By TOM GANNON
WITH the Gippsland Emergency Relief Fund (GERF) closing their largest ever flood appeal on Friday, the organisation has been nominated for an Awards Australia Community Group Award to recognise the fund’s contributions to the community during the June storm and floods.
GERF announced they would be closing the appeal based on confirmation that most of the property impact assessments had been completed by Municipal Recovery Managers in affected regions.
GERF was instrumental in providing targeted relief to storm and flood victims in Gippsland when severe storm and flood damage caused fallen trees, damaged roads, substantial power outages, landslips and restricted access to towns, leaving residents isolated.
At the closure of the appeal, GERF raised and distributed $627,000 to 268 families across five impacted municipalities, which means it is the organisation’s largest flood-related fundraising event in its history.
GERF president Andy Tegart has thanked those who donated for their efforts.
“This record would not have been possible without the generosity of individuals, families, community groups and corporate donors in Gippsland and other parts of Victoria,” Mr Tegart said.
GERF’s award nomination highlights the time at which this event took place, hitting a region still recovering from the Black Summer bushfires of 2019/2020, during an active pandemic which has caused significant financial strain to members of the community.
The nomination gives this fitting summary of the group: “It’s all about Gippslanders helping Gippslanders. It is only possible because of the generous and kind spirit of so many individuals, community groups and businesses to help others in their time of need.”
Mr Tegart said the organisation was extremely humbled to have received a nomination for the award.
He told The Express that the award should be a point of personal pride for all those that have volunteered or supported the organisation throughout its history and said he hoped the recognition would inspire future volunteers.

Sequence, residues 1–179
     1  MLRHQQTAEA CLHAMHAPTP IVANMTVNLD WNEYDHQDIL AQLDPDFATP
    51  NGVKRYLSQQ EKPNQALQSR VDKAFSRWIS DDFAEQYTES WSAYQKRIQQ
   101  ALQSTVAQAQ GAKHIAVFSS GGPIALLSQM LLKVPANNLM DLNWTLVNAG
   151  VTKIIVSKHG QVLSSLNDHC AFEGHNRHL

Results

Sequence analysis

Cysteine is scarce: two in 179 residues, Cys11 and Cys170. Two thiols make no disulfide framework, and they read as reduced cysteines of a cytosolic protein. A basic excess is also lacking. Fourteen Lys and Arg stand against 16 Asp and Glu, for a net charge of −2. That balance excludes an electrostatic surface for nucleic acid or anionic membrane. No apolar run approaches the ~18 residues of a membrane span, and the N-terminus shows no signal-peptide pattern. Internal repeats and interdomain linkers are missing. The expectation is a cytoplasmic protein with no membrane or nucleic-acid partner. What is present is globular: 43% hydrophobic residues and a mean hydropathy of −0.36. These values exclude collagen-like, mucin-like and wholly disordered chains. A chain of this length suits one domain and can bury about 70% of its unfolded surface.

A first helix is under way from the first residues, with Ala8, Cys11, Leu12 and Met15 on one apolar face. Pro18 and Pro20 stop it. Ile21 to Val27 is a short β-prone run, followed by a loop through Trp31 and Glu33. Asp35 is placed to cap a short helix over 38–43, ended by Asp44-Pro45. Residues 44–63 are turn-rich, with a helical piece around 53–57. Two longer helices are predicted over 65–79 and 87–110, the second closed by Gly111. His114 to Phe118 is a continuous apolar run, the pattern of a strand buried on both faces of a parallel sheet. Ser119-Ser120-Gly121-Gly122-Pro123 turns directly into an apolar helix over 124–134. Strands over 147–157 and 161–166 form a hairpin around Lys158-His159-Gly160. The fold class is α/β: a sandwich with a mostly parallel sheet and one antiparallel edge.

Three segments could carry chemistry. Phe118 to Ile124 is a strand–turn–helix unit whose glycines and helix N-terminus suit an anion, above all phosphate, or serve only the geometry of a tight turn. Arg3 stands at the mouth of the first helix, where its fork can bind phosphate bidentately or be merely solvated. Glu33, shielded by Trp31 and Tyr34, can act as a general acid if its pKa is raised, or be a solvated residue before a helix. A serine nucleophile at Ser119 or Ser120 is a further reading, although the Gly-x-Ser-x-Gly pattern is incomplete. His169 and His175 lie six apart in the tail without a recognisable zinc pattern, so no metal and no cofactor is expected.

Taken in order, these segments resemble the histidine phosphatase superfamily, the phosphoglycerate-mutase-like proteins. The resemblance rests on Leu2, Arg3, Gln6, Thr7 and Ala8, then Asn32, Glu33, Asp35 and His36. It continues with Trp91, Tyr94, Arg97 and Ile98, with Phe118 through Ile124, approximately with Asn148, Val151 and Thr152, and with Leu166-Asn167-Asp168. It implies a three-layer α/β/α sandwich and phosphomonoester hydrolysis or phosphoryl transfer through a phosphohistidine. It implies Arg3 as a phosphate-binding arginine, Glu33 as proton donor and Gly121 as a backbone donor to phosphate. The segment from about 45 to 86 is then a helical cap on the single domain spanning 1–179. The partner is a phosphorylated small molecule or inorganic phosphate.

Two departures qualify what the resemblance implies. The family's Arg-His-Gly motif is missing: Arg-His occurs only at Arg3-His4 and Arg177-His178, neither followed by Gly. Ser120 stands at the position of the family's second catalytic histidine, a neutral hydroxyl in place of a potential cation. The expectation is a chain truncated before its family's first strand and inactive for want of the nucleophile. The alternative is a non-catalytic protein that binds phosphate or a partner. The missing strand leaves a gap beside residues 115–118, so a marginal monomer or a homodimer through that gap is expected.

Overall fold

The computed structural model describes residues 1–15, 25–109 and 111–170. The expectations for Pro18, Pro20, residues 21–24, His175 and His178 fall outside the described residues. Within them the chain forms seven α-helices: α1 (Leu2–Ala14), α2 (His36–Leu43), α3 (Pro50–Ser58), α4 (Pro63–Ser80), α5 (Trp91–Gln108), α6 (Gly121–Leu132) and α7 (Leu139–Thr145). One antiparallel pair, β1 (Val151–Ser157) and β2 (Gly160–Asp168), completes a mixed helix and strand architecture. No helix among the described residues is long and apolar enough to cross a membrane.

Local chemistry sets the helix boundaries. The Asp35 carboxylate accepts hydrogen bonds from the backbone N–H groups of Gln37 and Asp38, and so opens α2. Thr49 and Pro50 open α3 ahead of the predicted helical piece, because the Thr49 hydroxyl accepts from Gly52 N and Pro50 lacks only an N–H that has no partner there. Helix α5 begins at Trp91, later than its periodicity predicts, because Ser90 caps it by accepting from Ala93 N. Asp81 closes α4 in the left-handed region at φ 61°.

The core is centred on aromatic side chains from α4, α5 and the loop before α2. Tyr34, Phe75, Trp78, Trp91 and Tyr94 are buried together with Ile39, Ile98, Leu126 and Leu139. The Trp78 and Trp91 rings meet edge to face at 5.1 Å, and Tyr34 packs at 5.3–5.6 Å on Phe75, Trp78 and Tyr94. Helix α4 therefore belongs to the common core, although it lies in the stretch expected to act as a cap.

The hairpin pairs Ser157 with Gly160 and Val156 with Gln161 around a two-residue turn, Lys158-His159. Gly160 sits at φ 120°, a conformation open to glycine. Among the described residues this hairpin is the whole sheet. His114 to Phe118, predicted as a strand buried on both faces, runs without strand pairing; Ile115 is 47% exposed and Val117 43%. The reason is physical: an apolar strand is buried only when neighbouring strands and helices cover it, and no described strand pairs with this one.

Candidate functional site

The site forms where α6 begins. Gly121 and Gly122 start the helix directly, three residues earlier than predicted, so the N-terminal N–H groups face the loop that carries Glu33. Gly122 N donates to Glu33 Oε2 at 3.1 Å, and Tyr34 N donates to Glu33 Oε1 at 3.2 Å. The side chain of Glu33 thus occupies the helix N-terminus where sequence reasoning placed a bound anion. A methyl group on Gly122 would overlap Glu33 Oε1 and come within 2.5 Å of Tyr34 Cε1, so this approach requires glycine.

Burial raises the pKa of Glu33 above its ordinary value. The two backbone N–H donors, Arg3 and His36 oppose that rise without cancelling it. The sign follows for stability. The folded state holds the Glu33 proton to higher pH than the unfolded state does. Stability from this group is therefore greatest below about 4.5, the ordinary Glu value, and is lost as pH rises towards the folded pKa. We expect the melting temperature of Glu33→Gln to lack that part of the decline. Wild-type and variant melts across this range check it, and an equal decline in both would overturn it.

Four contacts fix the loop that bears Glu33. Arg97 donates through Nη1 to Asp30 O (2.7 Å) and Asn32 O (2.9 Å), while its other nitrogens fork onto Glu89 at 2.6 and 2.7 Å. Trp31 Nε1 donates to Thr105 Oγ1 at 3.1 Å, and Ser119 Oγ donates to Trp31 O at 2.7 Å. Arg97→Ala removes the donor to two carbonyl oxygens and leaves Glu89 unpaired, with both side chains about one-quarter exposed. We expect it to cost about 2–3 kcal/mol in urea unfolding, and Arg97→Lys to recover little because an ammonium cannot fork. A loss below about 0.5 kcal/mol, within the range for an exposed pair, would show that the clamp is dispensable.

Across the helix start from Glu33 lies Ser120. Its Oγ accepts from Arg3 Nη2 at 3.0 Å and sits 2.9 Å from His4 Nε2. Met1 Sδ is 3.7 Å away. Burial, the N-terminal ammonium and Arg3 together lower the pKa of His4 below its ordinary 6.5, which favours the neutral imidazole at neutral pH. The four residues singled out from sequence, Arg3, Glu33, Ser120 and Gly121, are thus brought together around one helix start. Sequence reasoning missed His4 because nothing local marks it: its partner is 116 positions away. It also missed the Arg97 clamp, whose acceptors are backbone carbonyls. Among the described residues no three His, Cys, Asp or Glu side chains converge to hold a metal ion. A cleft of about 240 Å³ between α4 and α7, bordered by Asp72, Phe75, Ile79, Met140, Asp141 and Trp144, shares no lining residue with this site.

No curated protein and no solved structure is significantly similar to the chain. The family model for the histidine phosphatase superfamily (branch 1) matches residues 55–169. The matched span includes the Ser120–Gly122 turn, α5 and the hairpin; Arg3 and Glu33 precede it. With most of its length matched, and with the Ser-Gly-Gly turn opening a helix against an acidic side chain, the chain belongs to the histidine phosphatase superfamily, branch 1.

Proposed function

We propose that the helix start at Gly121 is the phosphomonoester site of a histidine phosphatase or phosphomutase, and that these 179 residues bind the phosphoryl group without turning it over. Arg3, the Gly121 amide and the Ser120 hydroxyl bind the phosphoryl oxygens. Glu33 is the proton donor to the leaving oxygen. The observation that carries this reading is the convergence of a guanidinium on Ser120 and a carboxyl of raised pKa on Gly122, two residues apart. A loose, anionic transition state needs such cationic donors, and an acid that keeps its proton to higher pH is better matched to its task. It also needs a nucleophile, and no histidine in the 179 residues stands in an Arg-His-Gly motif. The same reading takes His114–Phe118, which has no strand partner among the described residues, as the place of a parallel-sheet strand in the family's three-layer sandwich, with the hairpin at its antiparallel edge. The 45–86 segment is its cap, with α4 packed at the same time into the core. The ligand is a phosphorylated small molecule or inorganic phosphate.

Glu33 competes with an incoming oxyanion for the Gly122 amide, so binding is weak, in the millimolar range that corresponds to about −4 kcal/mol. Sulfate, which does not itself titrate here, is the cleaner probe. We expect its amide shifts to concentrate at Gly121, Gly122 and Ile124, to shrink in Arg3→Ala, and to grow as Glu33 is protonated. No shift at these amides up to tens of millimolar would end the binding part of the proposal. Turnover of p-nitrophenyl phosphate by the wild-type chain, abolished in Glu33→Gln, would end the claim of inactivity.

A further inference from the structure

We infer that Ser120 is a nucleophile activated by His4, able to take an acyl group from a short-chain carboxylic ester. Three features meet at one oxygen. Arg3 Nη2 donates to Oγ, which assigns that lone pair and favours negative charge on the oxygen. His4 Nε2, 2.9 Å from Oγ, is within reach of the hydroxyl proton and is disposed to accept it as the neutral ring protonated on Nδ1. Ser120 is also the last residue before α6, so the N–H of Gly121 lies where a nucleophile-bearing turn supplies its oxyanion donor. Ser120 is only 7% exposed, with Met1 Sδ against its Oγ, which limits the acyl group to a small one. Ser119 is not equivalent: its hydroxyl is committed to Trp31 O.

“I hope that being nominated for this award, the many people who have put in so much across all those years can recognise that’s credit for their efforts,” he said.
“There’s been an enormous effort, even on this appeal, by the committee to make that happen so I hope they feel some recognition for that and I also hope that it would attract people to continue to support and volunteer for GERF in the future.
“Having some independent recognition for community groups makes a difference.”
Mr Tegart acknowledged the important role GERF played in the community, but said more work would be needed in the future as the effects of climate change become more prevalent.
“It’s been a really important instrument to support Gippsland over all this time and it’s probably going to be more needed if climate change continues and we get more natural disasters more frequently,” he said.
“I hope that it gives some recognition to volunteers and encourages people to make those efforts.”
GERF has been active for more than 43 years, coming to fruition in response to the 1977/78 bushfires in Gippsland focusing on personal losses such as food, clothing, utensils, furniture, bedding, children’s educational needs as opposed to capital items covered by insurance or government grants.
GERF successfully raised their highest sum of donations for victims of the 2019/20 bushfires when more than $9 million was distributed to 2100 East Gippsland residents.